seasons for the sales of these products.
However, many merchants say their sales
of -designer name brands are steady year
round. Drug stores, department stores and
many men's clothing stores now carry
designer cosmetics for men. Varley's Mens
Shop, Town and Campus, and Milton's
Cupboard are the only men's clothing
stores on Franklin Street that do not carry
any type of men's cosmetics.
Robert Varley, owner of Varley's Mens
Shop, says, "Manufacturers were
constantly coming out with new products
and fragances, so it was hard to keep up
with inventory. We leave the sales up to
drug stores. The same is true for women.
They'll come out with a new product just
to get you to buy it."
Burnes Ray, assistant manager at
Milton's says men's stores usually carry
one or two varieties of men's cosmetics.
"They are very expensive, and we risk
being stuck with them," he says. "Its the
same with all accessories, so we choose
not to sell men's cosmetic products." 3
Teresa Curry is a staff writer for The Daily
ylan furthers lifestyle change
e on 'Saved'
Dy JOHN HAMILTON
Bob Dylan '
fT) OB Dylan's latest album, Saved, is perhaps
I , ) the most powerful of his long career. Saved,
Dylan's second release since his Christian
rebirth, was released this summer, and unlike his
first evangelical album, Slow Train Coming, Saved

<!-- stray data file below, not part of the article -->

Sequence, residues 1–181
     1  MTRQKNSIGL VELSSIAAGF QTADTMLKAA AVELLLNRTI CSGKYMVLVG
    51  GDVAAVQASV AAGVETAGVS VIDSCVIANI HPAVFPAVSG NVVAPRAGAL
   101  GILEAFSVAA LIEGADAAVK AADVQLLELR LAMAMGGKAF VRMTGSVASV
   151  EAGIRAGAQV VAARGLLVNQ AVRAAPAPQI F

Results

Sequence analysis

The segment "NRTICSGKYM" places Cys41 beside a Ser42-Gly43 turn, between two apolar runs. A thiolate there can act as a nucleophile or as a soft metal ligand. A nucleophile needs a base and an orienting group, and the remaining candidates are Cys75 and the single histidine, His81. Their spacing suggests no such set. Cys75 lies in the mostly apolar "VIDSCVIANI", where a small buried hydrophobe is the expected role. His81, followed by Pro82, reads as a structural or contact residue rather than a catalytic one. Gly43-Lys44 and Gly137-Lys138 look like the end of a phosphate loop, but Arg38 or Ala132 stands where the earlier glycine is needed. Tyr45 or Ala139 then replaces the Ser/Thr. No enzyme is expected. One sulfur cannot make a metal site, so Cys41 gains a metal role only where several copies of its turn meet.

leaves the listener convinced of Qylan's changed
His lyrics are solidly Christian, the Bible put to
music. For example, Dylan sings "I'm pressing on to
the higher calling of my Lord" a verse from Paul's
letter to the Philippians, in the song "Pressing On."
Every other song also draws from a scriptural .
background, a fact which makes Saved a
particularly attractive album for those interested in
contemporary Christian music.
Yet the heathen need not rage. Dylan's joyful
noise can be enjoyed by all. Saved combines
Dylan's unmistakable timbre with well-conceived
music quite successfully.
The order of the songs is pleasing. Slow and fast
songs are interspersed so that the album, unified by
its Christian theme, proceeds smoothly.
There are really no bad songs on the record. The
title cut, "Saved," is an impressive, foot-tapping
beginning. Following "Saved" are such standouts
as "What Can I Do for You?" which features a
climatic harmonica solo by Dylan, and "Covenant
Woman," a song in which Dylan describes the
powerful bonds between himself,- a woman and his
Saved is much different from previous Dylan
releases. His lyrics no longer display the poetical
cynicism which generated such a special following
for the singer 15 years ago. His more recent songs
do not seem to possess the subtlety found with
earlier works, such as the Blonde on Blonde album.
The lyrics may thus be disappointing to anyone
expecting the old Bob Dylan.
The lack of sublety, however, may be considered
a strength for Saved, since the album attempts to
proclaim a change in his life in a bold, open,
Although Dylan's music has lost the powerful
searching tone characteristic of his earlier work, it
has gained a real sense of conviction. Bob Dylan,
the restless seeker of the '60s, seems to have found
what he was looking for. K$
John Hamilton is a staff writer for The Daily Tar